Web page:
It may be proper here also to say, that I have complied with the wish of those who requested these lectures to be published, (that they should be published just as they were delivered,) as far as it has been within my power to recall and write out, from my manuscript notes, the precise language and illustrations used from the pulpit, with the following exceptions, namely, that the lectures are divided into chapters, which are shorter; and a part of what was delivered in the last lecture is inserted in the fourteenth chapter, because it seemed to belong rather to that part of the history. And, as in the great overland journey across our continent, the way is unequal—there is a variety of mountains and valleys, long and short stations, high hills and wide plains, and dark mountain gorges-so, also, is the Volume of Inspiration. And, as in the overland route, similar views are often presented, repeating the visions already past, and yet not the same; so here, in the following pages, there may seem to be repetitions, not so much of words as of ideas. If so, the reason is to be found, first, in the fact, that I have endeavored to follow the order and method of the sacred narrative itself, and to present the thoughts and lessons thereon just as they started up before me, taking the pictures of the way just as they came to hand. I could have avoided this, if I had thought it best to do so; but as it was my wish to follow the divine method, as far as I could, in presenting and explaining and vindicating the laws, the Word and the ways of the Lord, and as similar events are repeated in the text, so similar lessons are taught. Secondly, it has, also, just been said, that it was deemed best to publish these discourses, as nearly as possible, word for word, just as they were delivered from the pulpit, and as their delivery extended through several weeks, and was, in part, before different audiences, so some repetition was necessary, and, partly for the same reason, is still retained. And I am the more reconciled to have it so, from the fact that this is the Bible method, not only in Esther, but generally-namely, to teach little by little, line upon line, and precept upon precept. As it is pleasant to the traveler to have a change of scenery, rather than to have all the mountains together, and then all the hills, and then nothing but a wide plain ; just so it is in history, the pictures are always changing and always repeating themselves, and yet they are not the same.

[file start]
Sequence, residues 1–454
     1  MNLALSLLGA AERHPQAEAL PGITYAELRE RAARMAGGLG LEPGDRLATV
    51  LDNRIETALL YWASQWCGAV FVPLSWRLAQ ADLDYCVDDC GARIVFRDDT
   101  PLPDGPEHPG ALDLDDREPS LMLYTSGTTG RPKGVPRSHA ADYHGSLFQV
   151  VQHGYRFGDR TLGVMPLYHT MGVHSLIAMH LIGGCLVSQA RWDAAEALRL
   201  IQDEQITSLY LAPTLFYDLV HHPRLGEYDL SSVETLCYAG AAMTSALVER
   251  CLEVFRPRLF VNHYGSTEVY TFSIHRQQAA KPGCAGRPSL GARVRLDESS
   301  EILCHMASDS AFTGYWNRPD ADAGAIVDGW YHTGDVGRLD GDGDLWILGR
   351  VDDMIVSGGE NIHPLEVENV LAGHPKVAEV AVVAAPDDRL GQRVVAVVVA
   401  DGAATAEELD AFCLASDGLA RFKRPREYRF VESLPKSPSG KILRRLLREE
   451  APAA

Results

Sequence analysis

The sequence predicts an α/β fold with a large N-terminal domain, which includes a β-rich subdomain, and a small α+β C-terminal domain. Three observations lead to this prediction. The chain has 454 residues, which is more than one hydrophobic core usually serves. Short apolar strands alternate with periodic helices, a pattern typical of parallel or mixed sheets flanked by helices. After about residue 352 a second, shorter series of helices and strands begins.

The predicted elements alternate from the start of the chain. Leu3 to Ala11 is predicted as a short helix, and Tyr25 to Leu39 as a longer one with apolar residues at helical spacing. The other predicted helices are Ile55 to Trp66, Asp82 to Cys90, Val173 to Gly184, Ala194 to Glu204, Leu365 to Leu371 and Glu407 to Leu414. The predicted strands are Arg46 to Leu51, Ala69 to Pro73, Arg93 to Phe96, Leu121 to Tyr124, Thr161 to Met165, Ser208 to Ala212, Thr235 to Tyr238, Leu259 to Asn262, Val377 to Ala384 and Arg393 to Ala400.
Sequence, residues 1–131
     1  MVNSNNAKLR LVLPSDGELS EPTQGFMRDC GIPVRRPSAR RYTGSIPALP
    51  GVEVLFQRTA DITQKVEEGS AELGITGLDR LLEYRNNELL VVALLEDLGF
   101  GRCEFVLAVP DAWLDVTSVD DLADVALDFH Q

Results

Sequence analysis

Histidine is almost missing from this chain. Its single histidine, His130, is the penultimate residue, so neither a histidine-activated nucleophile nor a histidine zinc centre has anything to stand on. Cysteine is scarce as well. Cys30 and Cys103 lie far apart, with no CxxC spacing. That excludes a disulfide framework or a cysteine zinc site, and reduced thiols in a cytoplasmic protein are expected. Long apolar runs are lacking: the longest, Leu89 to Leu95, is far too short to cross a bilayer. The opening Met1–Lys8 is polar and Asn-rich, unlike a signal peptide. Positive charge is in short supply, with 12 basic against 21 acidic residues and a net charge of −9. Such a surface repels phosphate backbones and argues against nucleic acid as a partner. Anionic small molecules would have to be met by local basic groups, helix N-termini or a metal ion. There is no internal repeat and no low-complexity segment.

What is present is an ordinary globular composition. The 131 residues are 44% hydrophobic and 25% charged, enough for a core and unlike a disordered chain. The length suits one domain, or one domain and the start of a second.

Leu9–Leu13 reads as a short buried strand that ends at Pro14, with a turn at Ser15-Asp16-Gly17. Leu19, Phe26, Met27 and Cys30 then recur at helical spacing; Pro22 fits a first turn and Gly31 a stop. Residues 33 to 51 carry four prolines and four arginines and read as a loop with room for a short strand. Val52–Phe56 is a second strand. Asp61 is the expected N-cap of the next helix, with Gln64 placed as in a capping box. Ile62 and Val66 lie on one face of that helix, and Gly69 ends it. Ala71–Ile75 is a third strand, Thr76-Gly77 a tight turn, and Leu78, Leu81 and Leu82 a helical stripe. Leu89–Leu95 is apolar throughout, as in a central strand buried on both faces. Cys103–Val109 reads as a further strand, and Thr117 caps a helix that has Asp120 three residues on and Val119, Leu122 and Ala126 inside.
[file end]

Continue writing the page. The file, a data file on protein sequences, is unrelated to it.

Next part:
The errors and skeptical objections which it is hoped this volume may refute, or remove from the minds of candid inquirers after truth, are not always enumerated, nor the names of their advocates and the titles of their works given. This has not seemed to be necessary. All opinions and objections as far as I know are fairly represented, but the size of the volume and many other reasons forbid their full elaboration. I do not see that in order to know the right way to a place, we must first hunt out and explore, by a personal survey, all the tracks and by-ways that lead away from it. It may be that some of my readers are in happy ignorance of the errors I have tried to refute; if so, they will not perceive my allusions, nor is it necessary they should. On the other hand, those who are acquainted with them will be able I hope to understand the refutation offered. As to the truth of some of the quotations used in this volume from old authors and from the reports of
the Royal Asiatic Society, and other readings of monuments, I have only to say with Pliny, “Penes auctores sit fides.” While I believe them to be reliable and substantially correct, I beg that the authors themselves may be held respectively responsible. And while I have freely used all the authors within my reach that afforded me what I considered reliable help in explaining the sacred text, yet as far as I know, all due acknowledgments are made in the body of the work, and as far as my knowledge goes, this is the only volume of the kind offered to the public on the Book of Esther. Indeed one reason why, in my humble publications, I have selected such subjects as “The Wedge of Gold,” “Samson, the Giant Judge,” and the Hebrew-Persian Queen, is that these portions of our holy writings seemed to be almost overlooked. As Truth is of too noble and holy a nature to be forced upon mankind, I have only to add as one before me has done : "Pray, place the Holy Scriptures, kind Reader, before you on the desk of your heart, and acquaint yourself with the WHOLE matter, before you arrive at a decision." "Happy is he that speaketh in the ears of them that will hear." God Almighty bless all the readers of this volume. Amen.
W. A. SCOTT.
SAN FRANCISCO, 10th March, 1859.